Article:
In the past two posts I described my love affair with visiting Costco warehouses outside the United States. I wrote about our trip to Japan where in the Hiroshima Costco, I replaced a suitcase which had been broken by a taxi driver. In my second post, I wrote about how we visited both Costco warehouses in Madrid and Sevilla.
A few years ago, on the same trip to Madrid, we had been planning to travel directly from South Florida to Barcelona. Unfortunately, our plans changed because it was mid-September in the middle of a busy hurricane season. A week before we were supposed to leave, a storm was forming and it appeared to be heading in our direction.
As the storm intensified, we made the decision to pack up our house and hope that our newly installed impact-resistant would protect our house. However, it seemed as if everyone else in South Florida was trying to get out of the hurricane’s path. The availability of flights to Europe disappeared within a few days.
The only option, short of remaining in Florida until after the storm, was to take a flight from Miami to Barcelona on WowAir, an airline which is now out of business.
This airline, based in Reykjavik, required an 18-hour stopover in Iceland before heading to Spain. We quickly purchased the tickets and hoped we made the right decision.
As it turned out, we had caught the last flight to Iceland before they discontinued service as the storm approached. We landed in Iceland in the middle of the night. I had researched getting a room in a hotel near the airport but it was very overpriced and would have required paying for two nights because of the time we had arrived. Instead, I decided to rent a car for a day in which we would at least be able to take a nap.
The drive to the Costco was only about 30 minutes on a very well lighted modern highway. Since this was in the middle of September when the Icelandic daytime was quickly becoming shorter, it was dark until at least 10 am, the opening time. We had a good couple of hours of sleep and woke up refreshed.
The only Costco in Iceland has the same exact look on the outside as every other Costco in the world. If you just looked at the large signs inside the store, you’d swear that you were at your local warehouse in the US. However, when you’re inside the store, it quickly becomes apparent that you are in a foreign country.
The Icelandic alphabet has several unique letters, so checking out the smaller signs, especially in the food court, tells you that you are far from home.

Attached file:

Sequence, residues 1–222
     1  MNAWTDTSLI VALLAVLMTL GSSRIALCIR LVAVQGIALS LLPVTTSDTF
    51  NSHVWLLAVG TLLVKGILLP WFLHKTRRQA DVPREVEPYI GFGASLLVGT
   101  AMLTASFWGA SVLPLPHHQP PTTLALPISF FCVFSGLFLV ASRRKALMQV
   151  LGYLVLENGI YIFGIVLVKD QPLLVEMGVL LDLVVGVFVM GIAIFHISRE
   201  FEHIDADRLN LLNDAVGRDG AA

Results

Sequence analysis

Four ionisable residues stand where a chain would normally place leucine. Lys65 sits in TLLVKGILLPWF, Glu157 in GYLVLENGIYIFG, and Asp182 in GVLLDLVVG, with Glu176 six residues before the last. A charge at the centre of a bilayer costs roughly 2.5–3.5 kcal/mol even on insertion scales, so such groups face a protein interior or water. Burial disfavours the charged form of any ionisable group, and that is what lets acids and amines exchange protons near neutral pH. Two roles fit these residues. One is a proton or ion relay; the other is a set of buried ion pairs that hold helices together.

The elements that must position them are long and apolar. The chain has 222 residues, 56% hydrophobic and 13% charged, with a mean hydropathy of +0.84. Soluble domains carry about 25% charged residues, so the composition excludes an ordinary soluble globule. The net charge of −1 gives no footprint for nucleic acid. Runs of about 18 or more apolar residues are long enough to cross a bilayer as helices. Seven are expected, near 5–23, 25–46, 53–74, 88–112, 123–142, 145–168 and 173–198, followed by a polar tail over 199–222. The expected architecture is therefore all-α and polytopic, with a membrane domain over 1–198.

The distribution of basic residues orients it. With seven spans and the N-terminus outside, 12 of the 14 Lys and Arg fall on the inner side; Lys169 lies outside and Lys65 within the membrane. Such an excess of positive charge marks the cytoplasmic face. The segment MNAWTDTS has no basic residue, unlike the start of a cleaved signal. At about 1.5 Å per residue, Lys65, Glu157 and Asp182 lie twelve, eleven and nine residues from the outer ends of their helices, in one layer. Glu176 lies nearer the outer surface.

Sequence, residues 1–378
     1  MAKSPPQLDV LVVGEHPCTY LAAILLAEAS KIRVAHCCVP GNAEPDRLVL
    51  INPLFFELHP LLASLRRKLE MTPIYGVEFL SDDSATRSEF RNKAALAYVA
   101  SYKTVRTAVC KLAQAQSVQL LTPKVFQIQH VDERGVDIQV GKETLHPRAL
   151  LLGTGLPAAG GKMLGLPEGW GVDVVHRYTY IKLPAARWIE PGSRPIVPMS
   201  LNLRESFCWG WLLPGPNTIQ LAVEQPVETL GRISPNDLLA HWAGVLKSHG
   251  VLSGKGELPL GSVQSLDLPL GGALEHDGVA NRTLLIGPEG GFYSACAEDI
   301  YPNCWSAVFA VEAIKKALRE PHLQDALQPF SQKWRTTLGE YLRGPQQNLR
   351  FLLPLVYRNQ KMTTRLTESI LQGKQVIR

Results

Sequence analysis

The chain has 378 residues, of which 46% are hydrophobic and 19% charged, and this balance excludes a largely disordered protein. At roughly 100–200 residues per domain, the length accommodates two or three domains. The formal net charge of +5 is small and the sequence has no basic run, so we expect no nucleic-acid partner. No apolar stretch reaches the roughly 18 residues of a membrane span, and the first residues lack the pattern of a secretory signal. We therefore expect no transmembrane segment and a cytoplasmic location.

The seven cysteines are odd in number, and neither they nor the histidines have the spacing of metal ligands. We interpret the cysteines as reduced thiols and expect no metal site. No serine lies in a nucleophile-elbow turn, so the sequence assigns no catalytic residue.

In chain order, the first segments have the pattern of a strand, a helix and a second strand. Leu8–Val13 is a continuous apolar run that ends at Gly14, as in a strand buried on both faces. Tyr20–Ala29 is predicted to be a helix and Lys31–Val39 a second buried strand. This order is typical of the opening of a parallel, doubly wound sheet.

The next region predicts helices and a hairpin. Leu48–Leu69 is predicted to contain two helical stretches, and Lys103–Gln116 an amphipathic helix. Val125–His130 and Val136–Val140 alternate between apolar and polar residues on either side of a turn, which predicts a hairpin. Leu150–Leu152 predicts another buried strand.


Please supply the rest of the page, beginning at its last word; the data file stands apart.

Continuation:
As is the case in every other foreign Costco, many items from the particular country are featured along with the preponderance of American-store items, even though most are from China. It is always fascinating to us to see how the culture of the country is represented in its food items as well as the household products and clothing. The Reykjavik store had shelves full of Icelandic and Scandinavian seafood products as well as canned goods. There were also many rows of warm-weather clothes which unfortunately, were also made in China.
Just like in the American stores, we enjoyed tasting many different samples. These were mostly Icelandic products, including several types of herring. Again, you would have easily imagined that you were back home in the U.S. except that the mostly women samplers only spoke Icelandic.
Since many people in Iceland speak English well, it wasn’t hard to strike up a conversation with several people. They were enjoying themselves as much as I was. They too were curious why I would be visiting their store which had only recently opened. The big-box warehouse concept was a new model to the Icelandic people. Although they were very excited about the lower prices and the large inventory, several people expressed concern that the Costco invasion would decimate small locally-owned Icelandic businesses.
The Costco parking lot was shared equally by the local Ikea store which had also recently opened. It was packed with locals excited to be experiencing such a large store.
As in the US, most of the products, although modern Scandinavian in appearance, are from China.
We decided to have lunch there and it was almost identical to the stores we have visited in Florida. Icelandic people are very friendly to foreigners and enjoy practicing their English.
In our short stopover, we probably could have spent the time at one of the famed waterparks, but the timing just wasn’t right. And as usual, the unique opportunity to visit a new foreign Costco was too exciting to pass up.
We don’t have any trouble justifying our strange habit of visiting Costcos while traveling. I call it a “cultural field trip” and find it just as interesting and educational as any other tourist attraction in a foreign country. I always feel comfortable talking to people while we are there, and so far, it has always been a fun adventure!
One thought on “My Love Affair with Costco, Part 3: Iceland”
Did they have the Hot Dog?